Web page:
In other words, deals can be found if they are willing to search outside of the internet, and you don't always have to go broke finding NM vinyl.......
My point was that not everyone needs NM vinyl to be happy. I know plenty of people who are happy with vinyl graded VG. Don't spend a lot of money to start out, but buy 1 or 2 records in each condition to decide what condition you want your records in. You might find you are plenty happy with VG graded records which typically cost about 1/2 as much as VG+ records.
With gradings, it is necessary to check each dealer's description as they vary from country to country and dealer to dealer. The UK record collector grading of Ex, for example, is similar to the United States' Goldmine grading of VG. You need to see what the grading means for each dealer. Also, VG records will often play quite well even if they have visible marks and frequently this is the only way to get rarer titles.
Thanks to all of you for your great advice. Most of my vinyl purchases will have to be on-line because we no longer have a single record shop here in Reading, the south east of England, You have given me much too think about so thank you.
As soon as the Christmas credit card bill is paid then I can finally get serious about purchasing the necessary equipment.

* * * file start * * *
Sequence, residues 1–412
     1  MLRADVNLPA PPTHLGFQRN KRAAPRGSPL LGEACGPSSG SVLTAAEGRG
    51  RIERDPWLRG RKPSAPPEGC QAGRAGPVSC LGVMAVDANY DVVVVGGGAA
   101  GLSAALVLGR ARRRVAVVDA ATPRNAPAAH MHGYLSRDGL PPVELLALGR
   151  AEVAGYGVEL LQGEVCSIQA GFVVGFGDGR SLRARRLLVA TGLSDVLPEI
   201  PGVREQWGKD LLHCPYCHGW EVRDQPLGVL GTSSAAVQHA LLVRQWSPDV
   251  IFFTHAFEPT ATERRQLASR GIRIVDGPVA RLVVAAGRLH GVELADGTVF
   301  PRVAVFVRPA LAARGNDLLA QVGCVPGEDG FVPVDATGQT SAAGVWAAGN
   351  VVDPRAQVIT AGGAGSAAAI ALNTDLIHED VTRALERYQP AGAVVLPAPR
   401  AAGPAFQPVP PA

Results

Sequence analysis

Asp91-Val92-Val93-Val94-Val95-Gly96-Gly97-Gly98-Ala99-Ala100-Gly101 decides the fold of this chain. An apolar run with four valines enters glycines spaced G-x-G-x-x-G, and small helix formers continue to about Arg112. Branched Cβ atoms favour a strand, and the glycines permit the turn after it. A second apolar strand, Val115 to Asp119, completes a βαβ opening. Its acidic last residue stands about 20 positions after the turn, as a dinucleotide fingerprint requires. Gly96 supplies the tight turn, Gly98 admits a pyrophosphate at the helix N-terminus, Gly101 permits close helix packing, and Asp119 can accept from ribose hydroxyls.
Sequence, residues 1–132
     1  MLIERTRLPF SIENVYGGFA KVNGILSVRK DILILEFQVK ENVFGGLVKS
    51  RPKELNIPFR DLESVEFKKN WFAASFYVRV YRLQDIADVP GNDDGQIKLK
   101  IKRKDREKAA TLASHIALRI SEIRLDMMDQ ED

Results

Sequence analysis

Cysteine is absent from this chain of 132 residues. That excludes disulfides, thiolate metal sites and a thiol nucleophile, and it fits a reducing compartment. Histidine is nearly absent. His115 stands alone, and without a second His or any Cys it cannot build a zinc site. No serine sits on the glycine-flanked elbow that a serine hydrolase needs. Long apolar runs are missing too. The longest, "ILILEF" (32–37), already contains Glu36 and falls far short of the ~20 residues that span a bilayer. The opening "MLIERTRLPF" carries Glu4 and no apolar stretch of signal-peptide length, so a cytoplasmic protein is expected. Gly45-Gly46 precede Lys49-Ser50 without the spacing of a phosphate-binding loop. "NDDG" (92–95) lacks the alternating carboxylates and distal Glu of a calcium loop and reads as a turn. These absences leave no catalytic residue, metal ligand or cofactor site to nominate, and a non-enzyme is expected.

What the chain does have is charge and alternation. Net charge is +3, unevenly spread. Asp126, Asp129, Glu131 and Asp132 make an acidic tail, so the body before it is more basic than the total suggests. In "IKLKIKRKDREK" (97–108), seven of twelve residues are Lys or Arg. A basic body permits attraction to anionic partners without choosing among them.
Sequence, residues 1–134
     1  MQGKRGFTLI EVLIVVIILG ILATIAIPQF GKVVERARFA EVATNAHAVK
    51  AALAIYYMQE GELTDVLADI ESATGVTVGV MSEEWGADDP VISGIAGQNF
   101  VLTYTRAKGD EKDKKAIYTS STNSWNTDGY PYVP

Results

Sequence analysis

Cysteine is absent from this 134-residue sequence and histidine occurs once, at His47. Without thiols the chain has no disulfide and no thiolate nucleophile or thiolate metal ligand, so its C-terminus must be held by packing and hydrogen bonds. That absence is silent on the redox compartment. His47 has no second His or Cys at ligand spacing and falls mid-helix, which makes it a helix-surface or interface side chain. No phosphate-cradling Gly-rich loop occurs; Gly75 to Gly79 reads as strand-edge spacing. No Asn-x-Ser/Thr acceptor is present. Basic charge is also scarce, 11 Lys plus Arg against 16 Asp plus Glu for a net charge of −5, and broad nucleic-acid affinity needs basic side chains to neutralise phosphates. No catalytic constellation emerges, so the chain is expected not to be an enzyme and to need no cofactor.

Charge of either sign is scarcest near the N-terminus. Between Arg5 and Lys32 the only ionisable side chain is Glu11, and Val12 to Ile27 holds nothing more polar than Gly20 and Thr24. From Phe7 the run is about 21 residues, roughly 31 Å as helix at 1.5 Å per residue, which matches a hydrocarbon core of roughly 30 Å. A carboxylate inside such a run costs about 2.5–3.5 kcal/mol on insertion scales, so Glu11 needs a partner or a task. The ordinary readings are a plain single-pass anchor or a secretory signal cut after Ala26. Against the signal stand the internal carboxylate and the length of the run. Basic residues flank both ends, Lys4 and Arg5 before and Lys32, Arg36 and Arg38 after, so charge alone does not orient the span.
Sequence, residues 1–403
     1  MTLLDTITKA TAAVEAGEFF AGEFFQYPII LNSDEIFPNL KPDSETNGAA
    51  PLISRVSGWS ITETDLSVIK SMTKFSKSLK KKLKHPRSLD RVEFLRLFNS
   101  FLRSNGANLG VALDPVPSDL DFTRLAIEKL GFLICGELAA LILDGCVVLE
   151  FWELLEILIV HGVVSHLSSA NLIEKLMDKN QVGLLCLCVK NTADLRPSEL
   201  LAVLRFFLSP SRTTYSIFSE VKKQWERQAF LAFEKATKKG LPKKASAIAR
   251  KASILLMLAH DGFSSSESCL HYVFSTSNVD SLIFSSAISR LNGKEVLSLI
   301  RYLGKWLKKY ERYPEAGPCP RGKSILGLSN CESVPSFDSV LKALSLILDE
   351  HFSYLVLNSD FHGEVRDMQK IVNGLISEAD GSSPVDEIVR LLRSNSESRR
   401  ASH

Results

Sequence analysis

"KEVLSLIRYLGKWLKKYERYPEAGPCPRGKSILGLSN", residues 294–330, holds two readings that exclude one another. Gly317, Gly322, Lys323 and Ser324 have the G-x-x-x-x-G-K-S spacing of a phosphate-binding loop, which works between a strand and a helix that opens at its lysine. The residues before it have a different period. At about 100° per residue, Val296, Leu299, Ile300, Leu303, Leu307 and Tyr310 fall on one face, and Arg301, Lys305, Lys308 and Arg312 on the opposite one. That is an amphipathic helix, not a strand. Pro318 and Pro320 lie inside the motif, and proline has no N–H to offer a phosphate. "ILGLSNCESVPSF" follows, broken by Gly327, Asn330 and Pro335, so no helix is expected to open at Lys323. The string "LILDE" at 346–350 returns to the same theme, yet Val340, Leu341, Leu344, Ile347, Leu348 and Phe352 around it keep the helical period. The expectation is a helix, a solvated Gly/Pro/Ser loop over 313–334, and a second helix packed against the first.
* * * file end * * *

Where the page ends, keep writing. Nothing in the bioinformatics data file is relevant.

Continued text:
I have several collectors who love to buy my old scrached 60's records !
Honest they do!
The play them on old dansette players, and love the snap, crackle and pop that has embedded itself into the grooves to give what they consider an authentic sound.
You buy what you want, and get the best your pocket can afford... in time your collection will grow, find it's direction. The first aim is usually to find what aspect you are going for, are you interested in a particular group, sound, label, era... then build on that.
I started off life as a Frank Zappa collector, and I bought every record I could, given the choice I would buy the best condition, but sometimes I had to buy shoddy copies, just to make my collection more complete... One day I had every UK standard record, I started to upgrade my copies and also buy overseas copies.
Collecting vinyl is your own journey, the only rule is, there are no rules.
Really, if surface noise is that much of a bother, listen to the music on CD's. A few pops and crackles never hurt anybody - and if you're just starting out its better to realise that some dealers will sell you records that are nowhere near NM. I know digging through charity shops nevers seems to be the best idea but I've found scores of great stuff in bins and boxes shoved in the farthest corner of little junk shops and once you find something you'll keep going back. Watch out for collectors though, they can be a bit weird.
Reading has a record shop called The Sound Machine, according to my search engine. Looks like a great place to check out. http://www.thesoundmachine.uk.com/